nep-net New Economics Papers
on Network Economics
Issue of 2013‒06‒09
five papers chosen by
Yi-Nung Yang
Chung Yuan Christian University

  1. Embeddedness of regions in European knowledge networks. A comparative analysis of inter-regional R and D collaborations, co-patents and co-publications By Iris Wanzenböck; Thomas Scherngell; Thomas Brenner
  2. Co-Evolution of Cross-border Portfolio Investment Networks and Indicators for Financial Crises By Andreas Joseph; Guanrong Chen
  3. A degree-distance-based connections model with negative and positive externalities By Philipp Möhlmeier; Agnieszka Rusinowska; Emily Tanimura
  4. Demand externalitites and price cap regulation: Learning from a two-sided market By Zhu Wang
  5. Protecting and Empowering Consumers in the Purchase of Digital Content Products By OECD

  1. By: Iris Wanzenböck (Austrian Institute of Technology (AIT) Vienna); Thomas Scherngell (Austrian Institute of Technology (AIT) Vienna); Thomas Brenner (Philipps-Universität Marburg)
    Abstract: This paper investigates the embeddedness of European regions in different types of inter-regional knowledge networks, namely project based R and D collaborations within the EU Framework Programmes (FPs), co-patent networks and co-publication networks. Embeddedness refers to the network positioning of regions captured in terms of social network analytic (SNA) centrality measures. The objective is to estimate how region-internal and region-external factors influence network embeddedness in the distinct network types, in order to identify differences in their driving factors at the regional level. In our modelling approach, we apply advanced spatial econometric techniques by means of a mixed effects panel version of the Spatial Durbin Model (SDM), and introduce a set of variables accounting for a capacity-specific, a relational as well as a spatial dimension in regional knowledge production activities. The results reveal conspicuous differences between the knowledge networks. Internal capacity- and technology-related aspects but also spatial spillover impacts from surrounding regions prove to be particularly important for centrality in the co-patent network. We also find significant - region-internal and region-external - impacts of general economic conditions on a region’s centrality in the FP network. However, we cannot observe substantial spill-over effects of region-external factors on centrality in the co-publication network. Thus, the distinctive knowledge creation foci in each network seem to find expression in the network structure as well as its regional determinants.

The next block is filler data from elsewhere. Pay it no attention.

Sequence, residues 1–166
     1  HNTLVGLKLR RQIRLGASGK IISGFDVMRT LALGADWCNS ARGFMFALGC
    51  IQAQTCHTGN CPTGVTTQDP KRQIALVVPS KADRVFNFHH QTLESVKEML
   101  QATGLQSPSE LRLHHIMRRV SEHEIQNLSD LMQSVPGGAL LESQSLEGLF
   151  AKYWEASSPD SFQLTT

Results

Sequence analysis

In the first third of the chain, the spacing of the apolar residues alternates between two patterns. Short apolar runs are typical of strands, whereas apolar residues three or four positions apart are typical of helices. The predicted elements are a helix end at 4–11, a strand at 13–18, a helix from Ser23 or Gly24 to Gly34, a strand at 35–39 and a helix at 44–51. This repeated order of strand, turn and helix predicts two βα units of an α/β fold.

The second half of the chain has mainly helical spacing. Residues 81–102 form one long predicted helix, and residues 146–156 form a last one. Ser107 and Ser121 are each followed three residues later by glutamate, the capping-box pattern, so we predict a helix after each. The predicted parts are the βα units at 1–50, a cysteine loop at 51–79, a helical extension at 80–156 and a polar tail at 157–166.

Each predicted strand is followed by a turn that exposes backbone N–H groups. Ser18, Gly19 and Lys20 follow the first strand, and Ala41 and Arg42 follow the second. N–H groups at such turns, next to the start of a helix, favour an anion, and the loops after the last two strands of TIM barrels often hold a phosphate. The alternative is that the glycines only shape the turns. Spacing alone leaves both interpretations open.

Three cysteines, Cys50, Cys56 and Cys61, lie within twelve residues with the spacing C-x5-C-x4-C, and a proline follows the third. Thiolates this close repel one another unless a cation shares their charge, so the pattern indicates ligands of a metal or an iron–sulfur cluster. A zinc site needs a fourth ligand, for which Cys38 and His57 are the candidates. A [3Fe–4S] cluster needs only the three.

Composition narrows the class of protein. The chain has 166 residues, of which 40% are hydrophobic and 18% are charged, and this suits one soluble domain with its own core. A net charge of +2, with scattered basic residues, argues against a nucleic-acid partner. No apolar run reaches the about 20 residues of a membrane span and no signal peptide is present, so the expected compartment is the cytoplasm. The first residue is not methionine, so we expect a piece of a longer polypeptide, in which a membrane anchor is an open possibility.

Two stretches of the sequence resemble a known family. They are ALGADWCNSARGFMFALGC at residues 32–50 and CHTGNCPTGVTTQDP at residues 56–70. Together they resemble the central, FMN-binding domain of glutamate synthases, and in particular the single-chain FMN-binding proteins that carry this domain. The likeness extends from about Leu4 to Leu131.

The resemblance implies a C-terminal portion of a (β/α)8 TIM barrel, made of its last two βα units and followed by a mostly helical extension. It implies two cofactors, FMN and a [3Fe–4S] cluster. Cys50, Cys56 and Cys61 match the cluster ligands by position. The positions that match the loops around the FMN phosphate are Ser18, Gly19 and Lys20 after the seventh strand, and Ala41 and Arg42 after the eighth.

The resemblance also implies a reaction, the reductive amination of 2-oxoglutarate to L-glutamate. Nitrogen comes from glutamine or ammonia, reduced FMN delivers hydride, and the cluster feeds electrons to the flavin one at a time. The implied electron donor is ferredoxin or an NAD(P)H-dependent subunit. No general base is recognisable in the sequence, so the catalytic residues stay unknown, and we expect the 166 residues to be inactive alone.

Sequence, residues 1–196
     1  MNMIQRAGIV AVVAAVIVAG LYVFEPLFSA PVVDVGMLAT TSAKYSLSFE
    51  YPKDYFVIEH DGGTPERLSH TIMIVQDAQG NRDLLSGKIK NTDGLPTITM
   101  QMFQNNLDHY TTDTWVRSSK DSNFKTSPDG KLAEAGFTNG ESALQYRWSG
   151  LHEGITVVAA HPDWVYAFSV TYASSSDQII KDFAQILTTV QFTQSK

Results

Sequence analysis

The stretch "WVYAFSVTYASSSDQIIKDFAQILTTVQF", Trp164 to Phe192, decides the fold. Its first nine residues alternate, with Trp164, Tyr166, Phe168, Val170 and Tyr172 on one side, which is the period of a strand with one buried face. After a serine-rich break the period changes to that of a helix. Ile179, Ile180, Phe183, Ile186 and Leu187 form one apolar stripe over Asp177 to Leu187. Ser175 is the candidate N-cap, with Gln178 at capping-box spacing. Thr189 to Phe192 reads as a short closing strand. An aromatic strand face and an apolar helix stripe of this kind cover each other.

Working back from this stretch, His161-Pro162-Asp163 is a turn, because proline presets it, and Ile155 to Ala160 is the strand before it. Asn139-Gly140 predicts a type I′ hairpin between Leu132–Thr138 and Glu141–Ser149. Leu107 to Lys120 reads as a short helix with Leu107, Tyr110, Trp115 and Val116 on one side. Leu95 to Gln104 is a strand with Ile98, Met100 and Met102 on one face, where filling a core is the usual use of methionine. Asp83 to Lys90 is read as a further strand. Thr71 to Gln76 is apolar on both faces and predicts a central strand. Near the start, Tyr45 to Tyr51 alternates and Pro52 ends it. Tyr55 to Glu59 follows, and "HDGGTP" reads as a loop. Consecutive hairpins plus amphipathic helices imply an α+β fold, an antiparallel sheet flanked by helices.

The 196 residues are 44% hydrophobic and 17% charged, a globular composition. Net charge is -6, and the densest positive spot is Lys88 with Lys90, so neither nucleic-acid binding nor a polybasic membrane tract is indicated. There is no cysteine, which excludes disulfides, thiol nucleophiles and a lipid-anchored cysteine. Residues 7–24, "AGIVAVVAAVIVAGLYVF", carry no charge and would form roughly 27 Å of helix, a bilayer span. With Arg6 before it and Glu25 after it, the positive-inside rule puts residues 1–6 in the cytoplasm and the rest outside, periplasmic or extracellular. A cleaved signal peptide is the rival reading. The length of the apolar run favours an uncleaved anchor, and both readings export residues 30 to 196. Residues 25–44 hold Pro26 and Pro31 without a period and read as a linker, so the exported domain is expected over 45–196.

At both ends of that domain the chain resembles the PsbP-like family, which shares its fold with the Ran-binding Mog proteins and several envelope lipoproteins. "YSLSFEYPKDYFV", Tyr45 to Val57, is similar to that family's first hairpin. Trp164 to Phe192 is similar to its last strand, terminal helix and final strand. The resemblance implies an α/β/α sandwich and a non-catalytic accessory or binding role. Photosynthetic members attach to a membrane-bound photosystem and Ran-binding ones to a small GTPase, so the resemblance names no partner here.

Keywords: knowledge networks, network embeddedness, network centrality, regional knowledge production, panel Spatial Durbin model.
    JEL: L14 N74 O33 R15
    Date: 2013–05–29
  2. By: Andreas Joseph; Guanrong Chen
    Abstract: Two financial networks, namely, cross-border long-term debt and equity securities portfolio investment networks are analysed. They serve as proxies for measuring the interdependence of financial markets and the robustness of the global financial system from 2002 to 2012, covering the 2008 global financial crisis. Focusing on the largest strongly-connected core component of the threshold network, while the edge threshold is set according to the percolation properties of the long-term debt securities network, we identify two early-warning indicators for global financial distress. The spread of certain financial derivative products, such as credit default swaps and equity-linked derivatives, scales with the edge density of the long-term debt securities network. In addition, the algebraic connectivity of the equity securities network, taken as a measure for the robustness of financial markets, drops already sharply well ahead of the 2008 financial crisis.